This memoir tells the story of a Marine rifle platoon commander’s time in the mountainous jungle of the northernmost province of the then Republic of Vietnam.
While tasked with fighting the enemy, G.M. Davis made some great friends … but saw too much death.
The author tracks his tour of duty in the jungle, leading Marines not against the Viet Cong but against the North Vietnamese Army, a well-trained and well-supplied professional army dedicated to unifying the two Vietnams.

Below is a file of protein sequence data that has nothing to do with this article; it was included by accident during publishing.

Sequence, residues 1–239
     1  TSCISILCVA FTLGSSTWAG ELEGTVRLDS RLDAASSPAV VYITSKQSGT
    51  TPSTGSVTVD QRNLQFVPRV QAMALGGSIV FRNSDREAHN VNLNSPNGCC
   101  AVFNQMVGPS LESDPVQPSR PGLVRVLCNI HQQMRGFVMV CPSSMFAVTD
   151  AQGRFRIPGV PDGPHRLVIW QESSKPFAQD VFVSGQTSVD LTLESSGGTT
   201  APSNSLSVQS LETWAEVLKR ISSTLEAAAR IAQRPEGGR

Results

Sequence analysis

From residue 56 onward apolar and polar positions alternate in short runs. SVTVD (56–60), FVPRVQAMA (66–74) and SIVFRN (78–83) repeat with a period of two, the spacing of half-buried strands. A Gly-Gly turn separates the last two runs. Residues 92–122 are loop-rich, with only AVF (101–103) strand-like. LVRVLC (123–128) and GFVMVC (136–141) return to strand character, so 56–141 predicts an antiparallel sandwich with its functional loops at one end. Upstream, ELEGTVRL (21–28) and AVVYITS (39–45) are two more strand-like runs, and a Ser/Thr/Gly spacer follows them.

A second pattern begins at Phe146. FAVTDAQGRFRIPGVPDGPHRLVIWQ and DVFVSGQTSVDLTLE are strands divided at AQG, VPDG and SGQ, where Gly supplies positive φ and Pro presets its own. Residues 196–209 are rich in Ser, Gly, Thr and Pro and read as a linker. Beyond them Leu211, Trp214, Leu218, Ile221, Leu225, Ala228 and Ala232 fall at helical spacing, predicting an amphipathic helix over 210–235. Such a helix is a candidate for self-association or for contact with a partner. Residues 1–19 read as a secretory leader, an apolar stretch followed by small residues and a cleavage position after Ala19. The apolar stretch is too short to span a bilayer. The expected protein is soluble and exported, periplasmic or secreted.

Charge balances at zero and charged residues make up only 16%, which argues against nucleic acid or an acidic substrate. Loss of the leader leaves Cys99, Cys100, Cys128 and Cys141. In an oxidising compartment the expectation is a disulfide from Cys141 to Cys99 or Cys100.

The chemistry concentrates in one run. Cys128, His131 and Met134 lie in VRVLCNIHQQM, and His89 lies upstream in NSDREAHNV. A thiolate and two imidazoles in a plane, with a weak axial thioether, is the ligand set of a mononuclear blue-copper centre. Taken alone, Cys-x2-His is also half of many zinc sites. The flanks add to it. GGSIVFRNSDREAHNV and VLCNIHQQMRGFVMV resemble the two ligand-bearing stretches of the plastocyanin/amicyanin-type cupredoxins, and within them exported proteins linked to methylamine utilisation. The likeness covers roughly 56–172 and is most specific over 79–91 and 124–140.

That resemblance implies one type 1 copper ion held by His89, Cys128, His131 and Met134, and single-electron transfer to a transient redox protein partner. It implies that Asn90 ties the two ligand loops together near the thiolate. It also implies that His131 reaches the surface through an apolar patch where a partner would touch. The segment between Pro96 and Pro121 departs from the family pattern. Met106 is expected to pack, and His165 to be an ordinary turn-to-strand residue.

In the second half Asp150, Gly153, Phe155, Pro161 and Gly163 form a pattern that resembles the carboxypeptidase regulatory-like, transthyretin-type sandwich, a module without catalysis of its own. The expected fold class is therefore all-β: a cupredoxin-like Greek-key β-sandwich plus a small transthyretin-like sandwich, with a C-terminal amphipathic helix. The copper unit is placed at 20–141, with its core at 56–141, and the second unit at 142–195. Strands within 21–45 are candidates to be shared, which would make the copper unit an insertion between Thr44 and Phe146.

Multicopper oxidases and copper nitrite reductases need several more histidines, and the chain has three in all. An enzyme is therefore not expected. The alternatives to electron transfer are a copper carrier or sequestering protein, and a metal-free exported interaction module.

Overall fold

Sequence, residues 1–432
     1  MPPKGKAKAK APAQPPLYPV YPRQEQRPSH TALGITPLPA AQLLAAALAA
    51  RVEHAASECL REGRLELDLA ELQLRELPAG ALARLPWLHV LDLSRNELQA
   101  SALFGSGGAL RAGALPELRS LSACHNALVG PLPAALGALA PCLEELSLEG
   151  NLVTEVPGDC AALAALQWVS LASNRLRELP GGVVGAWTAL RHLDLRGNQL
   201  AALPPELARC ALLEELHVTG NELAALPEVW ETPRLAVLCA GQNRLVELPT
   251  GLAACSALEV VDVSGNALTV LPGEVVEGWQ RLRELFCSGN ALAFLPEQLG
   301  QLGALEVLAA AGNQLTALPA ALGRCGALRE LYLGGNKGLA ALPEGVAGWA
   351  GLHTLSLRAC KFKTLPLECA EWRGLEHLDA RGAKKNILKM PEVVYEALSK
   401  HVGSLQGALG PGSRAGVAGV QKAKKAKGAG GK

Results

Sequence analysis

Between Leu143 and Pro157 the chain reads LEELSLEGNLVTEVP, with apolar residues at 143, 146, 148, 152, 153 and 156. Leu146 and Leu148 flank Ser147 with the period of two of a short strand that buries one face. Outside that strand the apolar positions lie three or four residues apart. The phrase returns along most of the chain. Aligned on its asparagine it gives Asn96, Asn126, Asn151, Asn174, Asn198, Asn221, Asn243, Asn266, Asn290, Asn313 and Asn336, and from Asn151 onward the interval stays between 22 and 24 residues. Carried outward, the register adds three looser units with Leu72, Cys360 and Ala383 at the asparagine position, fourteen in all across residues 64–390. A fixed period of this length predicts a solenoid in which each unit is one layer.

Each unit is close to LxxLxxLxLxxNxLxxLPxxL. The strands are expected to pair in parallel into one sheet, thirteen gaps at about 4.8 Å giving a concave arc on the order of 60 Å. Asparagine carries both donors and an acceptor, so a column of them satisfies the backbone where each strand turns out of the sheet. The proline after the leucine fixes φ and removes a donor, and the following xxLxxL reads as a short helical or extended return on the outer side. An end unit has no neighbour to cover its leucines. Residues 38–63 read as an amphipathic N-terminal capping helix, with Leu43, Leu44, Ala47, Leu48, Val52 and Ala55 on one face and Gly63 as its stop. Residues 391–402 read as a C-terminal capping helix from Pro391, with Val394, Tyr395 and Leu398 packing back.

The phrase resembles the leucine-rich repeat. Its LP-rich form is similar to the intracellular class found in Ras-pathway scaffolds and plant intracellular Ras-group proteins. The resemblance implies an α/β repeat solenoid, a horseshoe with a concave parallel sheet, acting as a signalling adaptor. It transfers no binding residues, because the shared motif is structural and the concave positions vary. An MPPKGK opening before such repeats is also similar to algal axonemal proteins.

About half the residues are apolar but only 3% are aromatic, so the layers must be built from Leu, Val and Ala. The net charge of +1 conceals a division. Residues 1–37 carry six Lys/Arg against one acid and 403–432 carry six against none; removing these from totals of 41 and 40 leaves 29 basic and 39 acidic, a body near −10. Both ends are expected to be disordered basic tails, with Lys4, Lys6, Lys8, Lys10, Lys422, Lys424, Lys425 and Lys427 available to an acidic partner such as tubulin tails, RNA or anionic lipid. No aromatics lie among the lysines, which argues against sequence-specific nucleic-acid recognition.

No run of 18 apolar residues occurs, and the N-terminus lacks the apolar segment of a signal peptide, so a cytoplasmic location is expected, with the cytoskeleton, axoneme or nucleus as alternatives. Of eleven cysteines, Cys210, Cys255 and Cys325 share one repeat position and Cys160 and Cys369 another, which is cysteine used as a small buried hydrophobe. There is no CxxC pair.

The heat, the worry, the responsibility and the daily grind took a toll amid firefights, battles, victory, and loss. Contact with the enemy was frequent, and the chaos of even a small fight was daunting.
Davis also examines the political reality of the time, arguing that the war was lost before it began, but that the nation kept fighting and losing soldiers so politicians could look strong and keep their jobs. Looking back at the war, he concludes it was a waste of lives and treasure.